Self-employment is the economic trend that everyone is talking about.
Why? Because the number of people in this line of work has grown by 30 per cent since 2000, with the result that a record 1 in 7 of the workforce now answer to themselves.
Such is the magnitude of the recent increase that self-employment accounted for 90 per cent of all job growth during the recessionary years of 2008-13. Should these growth rates continue, the RSA predicts that the number of people in self-employment could soon outgrow the size of the public sector workforce. By anyone’s standards, this would be a significant moment in the UK’s economic history.
But enough of the numbers. The important question we should be focusing on is how our economy and society can respond. How do we distinguish between false self-employment and genuine self-employment? Should we really be encouraging self-employment in schools? How can we help the self-employed access mortgages, pensions and insurance? What is the future of employment services in the age of self-employment? Should the state extend greater welfare coverage to people who work for themselves? And should they continue to be treated differently under the tax system?
Alas, there has been a conspicuous absence of deep thinking about this phenomenon. The tendency on the left is to skate over these questions, assuming as they do that self-employment is just a cyclical blip, and that if we ignore it long enough the phenomenon will die away. In contrast, the right seem to grab onto the easiest answers, which typically involves saying that the self-employed should have access to all the rights and few of the responsibilities. A case in point is welfare and taxation. While many groups have called for the self-employed to receive more protections such as Statutory Maternity Pay, nobody seems to have acknowledged how this would be paid for.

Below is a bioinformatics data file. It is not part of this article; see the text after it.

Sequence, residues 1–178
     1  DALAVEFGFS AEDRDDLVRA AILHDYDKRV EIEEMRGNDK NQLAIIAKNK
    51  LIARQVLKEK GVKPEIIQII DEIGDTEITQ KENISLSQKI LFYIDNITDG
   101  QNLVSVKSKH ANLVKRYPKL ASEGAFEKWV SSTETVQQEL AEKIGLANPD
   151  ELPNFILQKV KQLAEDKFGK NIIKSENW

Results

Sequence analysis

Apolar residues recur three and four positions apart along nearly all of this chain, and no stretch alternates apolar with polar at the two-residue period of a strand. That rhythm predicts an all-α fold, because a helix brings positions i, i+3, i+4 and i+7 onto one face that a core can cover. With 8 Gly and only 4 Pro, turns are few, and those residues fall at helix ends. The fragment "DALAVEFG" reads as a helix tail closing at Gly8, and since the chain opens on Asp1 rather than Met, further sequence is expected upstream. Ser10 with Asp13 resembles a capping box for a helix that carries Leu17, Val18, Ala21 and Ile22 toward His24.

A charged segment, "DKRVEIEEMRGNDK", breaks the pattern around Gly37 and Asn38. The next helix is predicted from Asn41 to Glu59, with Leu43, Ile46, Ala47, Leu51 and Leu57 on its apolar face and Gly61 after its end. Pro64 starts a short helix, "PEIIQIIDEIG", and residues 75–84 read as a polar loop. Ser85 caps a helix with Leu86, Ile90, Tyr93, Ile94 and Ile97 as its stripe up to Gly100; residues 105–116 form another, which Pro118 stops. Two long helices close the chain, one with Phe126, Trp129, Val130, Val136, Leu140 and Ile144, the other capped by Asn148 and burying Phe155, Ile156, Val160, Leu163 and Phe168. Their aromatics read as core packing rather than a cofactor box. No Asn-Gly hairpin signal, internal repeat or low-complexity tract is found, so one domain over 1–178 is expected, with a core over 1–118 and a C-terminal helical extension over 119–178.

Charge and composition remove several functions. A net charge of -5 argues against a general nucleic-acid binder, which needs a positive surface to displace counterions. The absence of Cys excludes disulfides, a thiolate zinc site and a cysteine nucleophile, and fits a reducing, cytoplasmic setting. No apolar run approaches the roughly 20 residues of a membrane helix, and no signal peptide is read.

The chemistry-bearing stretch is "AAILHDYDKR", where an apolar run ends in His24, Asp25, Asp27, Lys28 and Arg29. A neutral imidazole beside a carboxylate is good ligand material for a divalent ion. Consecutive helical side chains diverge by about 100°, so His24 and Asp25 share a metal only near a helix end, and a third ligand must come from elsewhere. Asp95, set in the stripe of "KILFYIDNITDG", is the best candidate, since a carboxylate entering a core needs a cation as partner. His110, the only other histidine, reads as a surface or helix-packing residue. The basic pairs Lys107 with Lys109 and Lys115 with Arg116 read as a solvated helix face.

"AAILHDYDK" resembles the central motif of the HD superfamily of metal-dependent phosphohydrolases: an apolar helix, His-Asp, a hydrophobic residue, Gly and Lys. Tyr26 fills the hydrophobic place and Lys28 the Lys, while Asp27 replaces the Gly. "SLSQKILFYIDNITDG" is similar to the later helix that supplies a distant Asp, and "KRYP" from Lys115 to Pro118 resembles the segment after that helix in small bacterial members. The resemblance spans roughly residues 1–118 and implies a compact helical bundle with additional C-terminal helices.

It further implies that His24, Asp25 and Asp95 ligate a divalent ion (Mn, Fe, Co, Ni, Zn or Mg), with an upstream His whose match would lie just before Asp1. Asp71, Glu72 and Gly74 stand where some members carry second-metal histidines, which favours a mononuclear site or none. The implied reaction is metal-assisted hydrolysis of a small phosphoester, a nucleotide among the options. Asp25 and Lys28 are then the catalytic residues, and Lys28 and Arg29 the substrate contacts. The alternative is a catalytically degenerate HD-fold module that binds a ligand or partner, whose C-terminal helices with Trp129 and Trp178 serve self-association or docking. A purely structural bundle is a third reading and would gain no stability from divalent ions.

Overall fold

Against the backdrop of fuzzy debate, the RSA, Google and Etsy have decided to organise a Self-employment Summit that will bring together leading thinkers to discuss the ins and outs of this phenomenon. Panellists include Will Hutton, Polly Toynbee, Emma Jones, Rohan Silva, Stella Creasy MP and Jo Swinson MP. We hope the Summit will add another layer to people’s understanding of self-employment, and move the public debate away from platitudes and towards thoughtful commentary. For us, it comes back to an essential question: how do we enable more people to take part in meaningful self-employment, which at its best enables them to flourish as creative individuals.
If that doesn’t sound too daunting or dry, then do join us by viewing the Summit through our livestream service, or by watching the videos afterwards (I’m afraid we’ve sold out of the real-deal places).
The RSA’s Self-employment Summit will take place on Tuesday 3 February from 10:30 – 17:30. Find out more here.